News FocusPUBLIC HEALTH

No Vaccines in the Time of Cholera

Science  17 Sep 2010:
Vol. 329, Issue 5998, pp. 1462-1463
DOI: 10.1126/science.329.5998.1462

You are currently viewing the summary.

View Full Text

Via your Institution

Log in through your institution

Log in through your institution


Summary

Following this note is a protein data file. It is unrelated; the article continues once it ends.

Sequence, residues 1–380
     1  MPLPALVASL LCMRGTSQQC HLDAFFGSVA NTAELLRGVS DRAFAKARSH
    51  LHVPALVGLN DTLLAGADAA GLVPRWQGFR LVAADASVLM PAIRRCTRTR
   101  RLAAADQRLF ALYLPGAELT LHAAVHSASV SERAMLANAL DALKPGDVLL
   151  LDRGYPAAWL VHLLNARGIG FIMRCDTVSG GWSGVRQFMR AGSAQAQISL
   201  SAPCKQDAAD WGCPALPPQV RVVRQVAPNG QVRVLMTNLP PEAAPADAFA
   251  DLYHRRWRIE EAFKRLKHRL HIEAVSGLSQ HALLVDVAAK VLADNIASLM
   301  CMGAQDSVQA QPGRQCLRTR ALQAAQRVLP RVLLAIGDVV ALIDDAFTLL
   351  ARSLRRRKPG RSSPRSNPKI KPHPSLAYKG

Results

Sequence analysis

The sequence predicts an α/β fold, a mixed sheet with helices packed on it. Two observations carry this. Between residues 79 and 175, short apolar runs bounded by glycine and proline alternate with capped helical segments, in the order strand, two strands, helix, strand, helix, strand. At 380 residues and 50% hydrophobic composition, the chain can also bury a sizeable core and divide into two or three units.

With millions of people homeless, clean drinking water in short supply, and the infrastructure in tatters, water-borne diseases are one of the biggest threats in the Pakistani regions ravaged by floods. Experts are particularly worried about cholera, a disease that can cause explosive and lethal outbreaks. The International Vaccine Institute is lobbying for production of an inexpensive new oral cholera vaccine to be ramped up. But so far, the Pakistani government has no plans for a mass vaccination campaign, and the World Health Organization does not advocate one. One key problem: The vaccine requires two doses, given 2 weeks apart, which is nearly impossible to do in a massive population on the move, experts say. The debate is just the latest in an ongoing tussle about exactly how useful the new vaccine, called Shanchol—and an older, more expensive vaccine called Dukoral—is.